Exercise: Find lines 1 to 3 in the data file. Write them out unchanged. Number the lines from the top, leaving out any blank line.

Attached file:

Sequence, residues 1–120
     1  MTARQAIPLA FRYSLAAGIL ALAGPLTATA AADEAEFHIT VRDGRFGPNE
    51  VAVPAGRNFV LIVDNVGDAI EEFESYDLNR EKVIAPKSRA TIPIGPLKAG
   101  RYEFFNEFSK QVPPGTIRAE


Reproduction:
Sequence, residues 1–120
     1  MTARQAIPLA FRYSLAAGIL ALAGPLTATA AADEAEFHIT VRDGRFGPNE
    51  VAVPAGRNFV LIVDNVGDAI EEFESYDLNR EKVIAPKSRA TIPIGPLKAG